A federal judge in Washington, D.C. has sided with Native American tribes seeking to challenge the way the Trump administration wants to disburse badly-needed coronavirus relief funds.  

US District Court Judge Amit Mehta ruled late Monday that the administration cannot give the funds to for-profit Native corporations, at least for now, issuing a preliminary injunction to stop the plan as litigation continues.

Tribes, which are sovereign under US law, were allocated $8 billion under a congressional plan known as the Coronavirus Aid, Relief, and Economic Security (CARES) Act to mitigate the economic fallout caused by the novel coronavirus.

The Treasury Department had sought to provide the funding to Alaska Native corporations instead of the 574 tribes that have federal recognition, prompting lawsuits from over a dozen tribal governments.

“Reading the CARES Act to allow the Secretary to disburse Title V dollars to for-profit corporations does not jibe with the Title’s general purpose of funding the emergency needs of ‘governments,’” Mehta wrote in his decision.

“These are monies that Congress appropriated on an emergency basis to assist Tribal governments in providing core public services to battle a pandemic that is ravaging the nation, including in Indian country,” he added.

Plans to slow the spread of the novel coronavirus within the country have largely kept people at home, limiting their interactions while shuttering non-essential businesses. Many businesses deemed essential during the pandemic have operated with significantly drawn-down capacity.

The two combined have been a devastating blow to the American economy, and the ramifications have been particularly hard-felt on Native reservations which are already disproportionately in poverty and have high rates of health conditions that make individuals particularly susceptible to dying from COVID-19.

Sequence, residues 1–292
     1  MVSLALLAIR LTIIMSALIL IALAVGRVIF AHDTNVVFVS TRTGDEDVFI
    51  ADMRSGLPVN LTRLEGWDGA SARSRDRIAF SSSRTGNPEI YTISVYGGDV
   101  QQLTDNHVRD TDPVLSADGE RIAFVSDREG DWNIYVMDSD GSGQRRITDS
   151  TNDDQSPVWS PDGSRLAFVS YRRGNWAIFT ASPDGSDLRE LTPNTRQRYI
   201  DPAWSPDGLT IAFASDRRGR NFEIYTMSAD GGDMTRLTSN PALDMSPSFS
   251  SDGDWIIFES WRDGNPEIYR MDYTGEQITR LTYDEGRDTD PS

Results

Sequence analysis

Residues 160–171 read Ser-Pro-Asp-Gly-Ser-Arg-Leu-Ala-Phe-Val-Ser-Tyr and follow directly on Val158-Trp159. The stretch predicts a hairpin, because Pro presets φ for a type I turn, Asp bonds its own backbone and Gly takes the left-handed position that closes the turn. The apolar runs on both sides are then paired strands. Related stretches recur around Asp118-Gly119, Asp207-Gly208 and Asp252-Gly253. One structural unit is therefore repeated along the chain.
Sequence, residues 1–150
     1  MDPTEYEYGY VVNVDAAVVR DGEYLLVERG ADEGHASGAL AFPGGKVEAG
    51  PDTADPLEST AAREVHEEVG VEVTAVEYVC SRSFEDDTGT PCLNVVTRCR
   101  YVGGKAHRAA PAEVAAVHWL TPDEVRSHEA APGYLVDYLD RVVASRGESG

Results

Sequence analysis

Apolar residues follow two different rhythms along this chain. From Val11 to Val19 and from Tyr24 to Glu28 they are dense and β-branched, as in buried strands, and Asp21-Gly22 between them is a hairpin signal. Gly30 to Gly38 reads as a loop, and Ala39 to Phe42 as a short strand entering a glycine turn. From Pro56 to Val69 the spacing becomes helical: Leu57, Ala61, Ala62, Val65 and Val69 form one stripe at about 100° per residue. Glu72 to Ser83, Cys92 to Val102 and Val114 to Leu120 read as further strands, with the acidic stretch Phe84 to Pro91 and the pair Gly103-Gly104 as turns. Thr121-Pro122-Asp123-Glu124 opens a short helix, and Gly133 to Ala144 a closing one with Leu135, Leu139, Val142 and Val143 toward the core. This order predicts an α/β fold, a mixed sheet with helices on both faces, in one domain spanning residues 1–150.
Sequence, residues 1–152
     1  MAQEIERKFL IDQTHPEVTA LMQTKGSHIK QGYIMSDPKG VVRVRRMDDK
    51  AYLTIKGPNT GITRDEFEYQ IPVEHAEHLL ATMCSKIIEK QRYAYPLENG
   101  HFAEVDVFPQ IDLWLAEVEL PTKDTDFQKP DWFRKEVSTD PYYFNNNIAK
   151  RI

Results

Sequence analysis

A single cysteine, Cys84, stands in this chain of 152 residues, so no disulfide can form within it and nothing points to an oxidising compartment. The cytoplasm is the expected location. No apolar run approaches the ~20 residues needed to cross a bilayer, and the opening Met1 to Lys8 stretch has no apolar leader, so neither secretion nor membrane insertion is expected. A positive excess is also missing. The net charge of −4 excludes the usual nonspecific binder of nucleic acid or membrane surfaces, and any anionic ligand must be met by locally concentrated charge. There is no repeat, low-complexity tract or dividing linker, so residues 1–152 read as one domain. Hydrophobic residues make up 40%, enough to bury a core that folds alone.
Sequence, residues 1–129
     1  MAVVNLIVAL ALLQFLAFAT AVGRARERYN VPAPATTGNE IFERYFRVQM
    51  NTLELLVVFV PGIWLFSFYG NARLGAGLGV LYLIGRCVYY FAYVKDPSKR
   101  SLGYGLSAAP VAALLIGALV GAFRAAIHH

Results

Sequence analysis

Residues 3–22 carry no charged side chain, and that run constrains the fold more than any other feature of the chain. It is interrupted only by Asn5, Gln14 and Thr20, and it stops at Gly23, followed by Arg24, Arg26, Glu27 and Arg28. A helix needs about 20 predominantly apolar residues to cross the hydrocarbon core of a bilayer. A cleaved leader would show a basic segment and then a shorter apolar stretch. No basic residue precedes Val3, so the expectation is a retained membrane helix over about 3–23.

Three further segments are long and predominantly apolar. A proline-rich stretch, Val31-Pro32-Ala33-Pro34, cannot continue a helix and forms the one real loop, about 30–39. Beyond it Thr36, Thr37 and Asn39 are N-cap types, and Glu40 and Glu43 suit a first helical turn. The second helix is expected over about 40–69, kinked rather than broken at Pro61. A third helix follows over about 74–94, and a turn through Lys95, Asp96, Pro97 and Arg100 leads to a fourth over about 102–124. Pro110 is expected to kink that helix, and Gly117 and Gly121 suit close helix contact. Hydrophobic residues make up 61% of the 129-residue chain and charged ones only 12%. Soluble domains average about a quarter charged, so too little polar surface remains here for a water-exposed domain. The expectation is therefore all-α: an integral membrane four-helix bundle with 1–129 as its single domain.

Eugene Tso, a local representative on the Navajo Nation Council, broke into tears during an emotional plea explaining the plight of his people during the pandemic.

“I don’t think there’s any words I can say to [show] how much I am worried about the people on the reservation and my community,” he said, sobbing during an interview with the UK’s Channel 4 News.

“We ask for help. There’s nothing coming in. So I am worried about them. Can’t sleep. Can’t think right.”

The Navajo Nation, which spans parts of Utah, Colorado, New Mexico and Arizona, joined the lawsuit last week.

Navajo President Jonathan Nez told the British outlet he has already spent $4 million from his nation’s coffers and is closely tracking his expenses to reclaim them following what he hopes will be a legal victory against the administration.

“I’m keeping all these receipts because after this emergency operation, I will be giving those receipts to Uncle Sam for a full reimbursement,” he said. “These dollars that were allocated by Congress and signed into law by the president are moneys to help U.S. citizens. And it seems alarming that the first citizens of this country are kind of pushed to the backburner, but that has been the case for many, many years.”

Mehta’s ruling is not the final word on the Trump administration’s plan, merely putting it on hold while additional court battles play out. The administration could conceivably still hold on to the money with the intent to disburse it to Native for-profit corporations in the event that it wins further legal proceedings.

Should it choose to do so, tribal governments would continue to reel amid a pandemic that has already had devastating economic and health consequences.

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